The Antigua International School receives accreditation
The Antigua International School has received accreditation through the New England Association of Schools and Colleges’ (NEASC) Commission on International Education (CIE). Founded in 1885, NEASC is the oldest regional accrediting association in the United States.
It serves almost 2,000 public and independent schools, universities and colleges (think Harvard, Yale, M.I.T., etc.) as well as all public schools in the New England states. It also accredits approximately 100 American and international schools in other countries.
Why is accreditation through an agency such as NEASC important?
1) For prospective students and their parents, accreditation serves a consumer protection purpose. It provides assurance that the school has been evaluated and has met accepted standards established by and with the profession.
2) For the school, accreditation enhances its national and international reputation and represents peer recognition.
In order to acquire accreditation through NEASC-CIT, an international school must:
1) Use English as a primary language of instruction and communication throughout the school.
2) Demonstrate the international nature of the school through a mission that includes creating international citizens: through demographics of the student body and staff, and through the co-curricular experiences and programs offered.
3) Provide a curriculum that in content, design, implementation and assessment reflects best practices in American and international education.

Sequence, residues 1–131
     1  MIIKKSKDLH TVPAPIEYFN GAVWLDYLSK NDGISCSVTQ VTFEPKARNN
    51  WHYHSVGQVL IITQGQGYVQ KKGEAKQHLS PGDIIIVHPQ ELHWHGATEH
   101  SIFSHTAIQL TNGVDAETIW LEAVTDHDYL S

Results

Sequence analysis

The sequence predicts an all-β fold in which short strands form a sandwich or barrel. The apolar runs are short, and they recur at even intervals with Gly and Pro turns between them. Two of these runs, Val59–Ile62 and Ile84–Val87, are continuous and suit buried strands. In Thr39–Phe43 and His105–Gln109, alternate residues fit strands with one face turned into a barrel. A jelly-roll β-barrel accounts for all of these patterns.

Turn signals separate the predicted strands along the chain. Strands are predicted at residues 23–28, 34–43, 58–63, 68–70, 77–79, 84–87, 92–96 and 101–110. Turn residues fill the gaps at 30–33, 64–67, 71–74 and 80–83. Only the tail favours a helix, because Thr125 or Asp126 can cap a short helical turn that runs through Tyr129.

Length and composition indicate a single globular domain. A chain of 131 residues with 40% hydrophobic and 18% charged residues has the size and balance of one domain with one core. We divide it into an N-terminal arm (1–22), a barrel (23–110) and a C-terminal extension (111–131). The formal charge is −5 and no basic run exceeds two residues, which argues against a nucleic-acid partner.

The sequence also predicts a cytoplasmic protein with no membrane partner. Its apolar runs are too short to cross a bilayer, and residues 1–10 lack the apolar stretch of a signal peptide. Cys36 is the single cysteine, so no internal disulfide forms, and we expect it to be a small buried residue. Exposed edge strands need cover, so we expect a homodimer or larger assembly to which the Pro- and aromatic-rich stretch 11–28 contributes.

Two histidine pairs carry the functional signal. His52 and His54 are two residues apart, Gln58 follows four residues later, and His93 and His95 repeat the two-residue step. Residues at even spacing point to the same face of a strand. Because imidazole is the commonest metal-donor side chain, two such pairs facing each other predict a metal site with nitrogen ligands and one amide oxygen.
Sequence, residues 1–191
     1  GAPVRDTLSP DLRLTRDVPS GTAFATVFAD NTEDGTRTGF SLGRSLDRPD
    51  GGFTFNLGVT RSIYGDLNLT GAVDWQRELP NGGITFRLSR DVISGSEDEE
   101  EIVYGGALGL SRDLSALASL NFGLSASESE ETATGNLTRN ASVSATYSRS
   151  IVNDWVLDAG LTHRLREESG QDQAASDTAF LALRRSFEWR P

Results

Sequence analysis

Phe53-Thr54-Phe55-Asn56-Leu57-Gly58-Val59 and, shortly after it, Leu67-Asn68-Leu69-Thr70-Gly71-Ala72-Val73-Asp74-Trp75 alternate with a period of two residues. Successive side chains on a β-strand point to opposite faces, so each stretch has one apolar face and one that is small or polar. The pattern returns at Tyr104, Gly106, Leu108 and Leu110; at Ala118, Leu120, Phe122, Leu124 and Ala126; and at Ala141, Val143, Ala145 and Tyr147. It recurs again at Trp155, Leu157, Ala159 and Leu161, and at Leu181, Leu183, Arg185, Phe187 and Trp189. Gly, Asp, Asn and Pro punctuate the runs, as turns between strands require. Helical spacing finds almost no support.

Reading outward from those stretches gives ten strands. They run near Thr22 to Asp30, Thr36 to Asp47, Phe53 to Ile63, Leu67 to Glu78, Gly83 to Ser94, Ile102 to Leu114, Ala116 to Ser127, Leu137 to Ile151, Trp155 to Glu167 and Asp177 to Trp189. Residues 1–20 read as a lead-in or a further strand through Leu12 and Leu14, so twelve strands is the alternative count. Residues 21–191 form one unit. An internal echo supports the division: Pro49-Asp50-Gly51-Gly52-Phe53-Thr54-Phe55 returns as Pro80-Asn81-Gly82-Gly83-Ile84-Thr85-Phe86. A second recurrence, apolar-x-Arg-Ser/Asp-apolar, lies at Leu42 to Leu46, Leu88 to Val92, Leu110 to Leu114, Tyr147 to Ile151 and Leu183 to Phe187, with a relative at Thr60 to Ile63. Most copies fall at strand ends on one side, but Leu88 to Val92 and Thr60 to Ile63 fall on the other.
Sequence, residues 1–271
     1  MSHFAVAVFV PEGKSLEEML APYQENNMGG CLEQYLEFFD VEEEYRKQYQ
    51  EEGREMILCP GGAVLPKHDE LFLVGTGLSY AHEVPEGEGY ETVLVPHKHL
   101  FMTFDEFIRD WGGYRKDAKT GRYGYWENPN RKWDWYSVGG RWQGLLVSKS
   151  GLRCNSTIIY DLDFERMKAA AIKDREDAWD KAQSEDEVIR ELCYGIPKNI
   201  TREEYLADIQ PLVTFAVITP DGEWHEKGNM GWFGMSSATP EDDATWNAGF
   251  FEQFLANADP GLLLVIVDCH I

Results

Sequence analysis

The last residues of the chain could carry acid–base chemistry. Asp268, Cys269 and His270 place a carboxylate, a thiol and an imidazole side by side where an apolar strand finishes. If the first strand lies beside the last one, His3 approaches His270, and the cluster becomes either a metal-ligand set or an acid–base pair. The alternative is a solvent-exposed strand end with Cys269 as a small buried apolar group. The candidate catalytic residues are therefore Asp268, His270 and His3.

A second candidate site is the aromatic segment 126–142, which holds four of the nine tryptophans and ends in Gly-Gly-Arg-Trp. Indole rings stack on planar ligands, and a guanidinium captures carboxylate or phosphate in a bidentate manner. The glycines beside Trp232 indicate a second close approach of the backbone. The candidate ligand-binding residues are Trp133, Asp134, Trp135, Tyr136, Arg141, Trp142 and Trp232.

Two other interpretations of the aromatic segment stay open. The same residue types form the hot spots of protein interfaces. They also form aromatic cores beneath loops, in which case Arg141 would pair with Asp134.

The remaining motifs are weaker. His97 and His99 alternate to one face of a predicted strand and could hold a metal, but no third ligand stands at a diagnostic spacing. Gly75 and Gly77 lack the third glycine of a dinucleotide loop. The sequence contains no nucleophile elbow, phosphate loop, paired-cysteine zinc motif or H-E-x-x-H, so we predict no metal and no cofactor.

4) Prepare students to be able to transfer to similar schools worldwide or, upon graduation, to enter colleges and universities where English is the primary medium of instruction.
The accreditation process involves five basic steps, during which each school is required to have a clear statement of philosophy and objectives and is evaluated in terms of how well it meets its own stated purposes. In addition, each school is required to meet a set of agreed upon written standards for accreditation, developed and endorsed by educational peers, in each area of its operation.
The steps toward accreditation by NEASC-CIT are:
1) The Candidacy Visit
The school receives a two- to three-day visit from at least two members of NEASC-CIT, experienced educators themselves, to ascertain the school’s readiness to undertake a self-study. For AIS, the candidacy visit occurred during the spring of 2012. Candidacy status, meaning that the team felt AIS was ready to begin the accreditation process, was awarded to AIS as a result of that visit.
2) The Self-Study
The self-study is the most important part of the accreditation process in commitment of time and effort. During this period, the school studies itself, in order to make an honest assessment of whether it is meeting both is own objectives and the written standards for accreditation determined and endorsed by educational peers. Areas that must be studied during this phase are: 1) school guiding statements, 2) teaching and learning, including access to teaching and learning 3) governance and leadership, 4) faculty and support staff, 5) school culture and partnerships for learning, 6) operational systems. AIS worked on achieving its own objectives and the standards of accreditation from spring 2012 through the 2014 school year.
3) The Team Visit